Where you live can affect your blood pressure, study suggests

Lack of resources in racially segregated neighborhoods linked to health impact

Taking blood pressure

LOCATION LINK  Moving from a highly segregated neighborhood to one with less segregation is associated with a decrease in systolic blood pressure among black adults, a new study finds.

James Gathany/CDC

For black adults, moving out of a racially segregated neighborhood is linked to a drop in blood pressure, according to a new study. The finding adds to growing evidence of an association between a lack of resources in many predominately black neighborhoods and adverse health conditions among their residents, such as diabetes and obesity.

Systolic blood pressure — the pressure in blood vessels when the heart beats — of black adults who left their highly segregated communities decreased just over 1 millimeter of mercury on average, researchers report online May 15 in JAMA Internal Medicine. This decline, though small, could reduce the overall incidence of heart failure and coronary heart disease.

“It’s the social conditions, not the segregation itself, that’s driving the relationship between segregation and blood pressure,” says Thomas LaVeist, a medical sociologist at George Washington University in Washington, D.C., who was not involved with the study. “Maybe hypertension is not so much a matter of being genetically predisposed.” That’s important, LaVeist adds, because it means that racial health disparity “can be fixed. It’s not necessarily contained in our DNA; it’s contained in the social DNA.”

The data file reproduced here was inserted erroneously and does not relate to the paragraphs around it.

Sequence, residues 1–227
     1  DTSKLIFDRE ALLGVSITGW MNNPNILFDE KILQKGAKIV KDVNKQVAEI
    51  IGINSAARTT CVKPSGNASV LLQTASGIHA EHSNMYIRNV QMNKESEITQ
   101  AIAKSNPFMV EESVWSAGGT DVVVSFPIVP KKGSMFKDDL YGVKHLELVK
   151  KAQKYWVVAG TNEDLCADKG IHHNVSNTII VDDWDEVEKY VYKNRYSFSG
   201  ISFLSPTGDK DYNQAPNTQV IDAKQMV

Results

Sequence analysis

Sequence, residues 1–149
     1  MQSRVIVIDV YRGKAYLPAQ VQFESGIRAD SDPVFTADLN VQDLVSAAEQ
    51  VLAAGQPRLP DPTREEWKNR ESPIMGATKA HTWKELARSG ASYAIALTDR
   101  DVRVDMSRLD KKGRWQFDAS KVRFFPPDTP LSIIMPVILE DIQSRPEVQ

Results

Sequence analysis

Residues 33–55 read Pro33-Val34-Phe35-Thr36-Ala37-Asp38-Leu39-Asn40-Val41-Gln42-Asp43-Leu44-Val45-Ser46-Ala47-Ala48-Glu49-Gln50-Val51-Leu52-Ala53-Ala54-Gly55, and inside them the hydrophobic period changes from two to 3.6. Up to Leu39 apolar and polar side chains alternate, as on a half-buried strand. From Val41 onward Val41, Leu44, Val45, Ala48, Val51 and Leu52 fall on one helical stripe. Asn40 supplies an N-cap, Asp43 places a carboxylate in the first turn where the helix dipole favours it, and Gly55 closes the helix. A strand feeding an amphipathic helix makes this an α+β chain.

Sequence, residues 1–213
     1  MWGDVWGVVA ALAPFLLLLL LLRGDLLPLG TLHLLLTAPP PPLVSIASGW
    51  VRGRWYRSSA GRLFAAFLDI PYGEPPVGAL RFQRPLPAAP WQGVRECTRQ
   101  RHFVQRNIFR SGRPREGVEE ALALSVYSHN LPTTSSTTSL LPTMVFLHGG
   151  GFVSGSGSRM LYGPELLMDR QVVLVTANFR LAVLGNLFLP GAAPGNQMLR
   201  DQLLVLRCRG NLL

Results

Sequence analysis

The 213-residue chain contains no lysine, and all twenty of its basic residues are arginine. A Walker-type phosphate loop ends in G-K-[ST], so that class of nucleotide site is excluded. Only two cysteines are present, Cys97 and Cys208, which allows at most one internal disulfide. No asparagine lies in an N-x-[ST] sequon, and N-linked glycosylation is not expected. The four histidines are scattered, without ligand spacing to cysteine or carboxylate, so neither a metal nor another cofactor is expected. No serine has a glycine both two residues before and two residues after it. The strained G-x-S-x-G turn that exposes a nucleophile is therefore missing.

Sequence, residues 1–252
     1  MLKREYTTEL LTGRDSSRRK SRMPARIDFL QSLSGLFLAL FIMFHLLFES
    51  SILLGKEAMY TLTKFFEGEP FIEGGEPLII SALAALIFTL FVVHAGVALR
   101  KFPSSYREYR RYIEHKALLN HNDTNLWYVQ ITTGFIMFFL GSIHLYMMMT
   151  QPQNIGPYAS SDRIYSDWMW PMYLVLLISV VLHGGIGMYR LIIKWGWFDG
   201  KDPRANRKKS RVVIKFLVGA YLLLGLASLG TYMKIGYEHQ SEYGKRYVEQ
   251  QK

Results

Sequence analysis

Racial segregation can impact a neighborhood’s school quality, employment opportunities or even whether there is a full-service grocery store nearby. Social policies that improve residents’ access to education, employment and fresh foods can “have spillover effects in health,” says Kiarri Kershaw, an epidemiologist at Northwestern University Feinberg School of Medicine in Chicago.

Kershaw and colleagues examined data from a study of how cardiovascular disease progresses in healthy adults, aged 18 to 30, who were recruited from four locations: Chicago, Minneapolis, Oakland, Calif., and Birmingham, Ala. The researchers specifically looked at blood pressure readings for 2,280 black participants, recorded at six points over 25 years, and noted their addresses at the time of each reading. A neighborhood’s designation of high, medium or low racial segregation was based on the percentage of black residents in the neighborhood compared with the larger metropolitan area or county, Kershaw says.

At the start of the study in the mid-1980s, 1,861 participants were living in highly segregated neighborhoods. A temporary move to a less segregated neighborhood, the researchers found, was associated with a 1 millimeter of mercury drop in blood pressure on average.

If the change of address was permanent — as it was for 243 participants — the impact was greater. On average, blood pressure dropped close to 6 millimeters of mercury for those who moved to low-segregation neighborhoods, and nearly 4 millimeters for a move to a medium-segregation neighborhood.

A 2015 study in the Journal of the American Heart Association estimates that a decrease in systolic blood pressure of 1 millimeter of mercury could result in several thousand fewer cases of heart failure, stroke and coronary heart disease annually in the U.S. population of black adults aged 45 to 64, Kershaw says.

Along with other research on racial segregation and health, the findings suggest that policies that improve housing conditions, educational resources and employment opportunities “will have implications for the health of individuals,” LaVeist says. “Social policy is health policy.”

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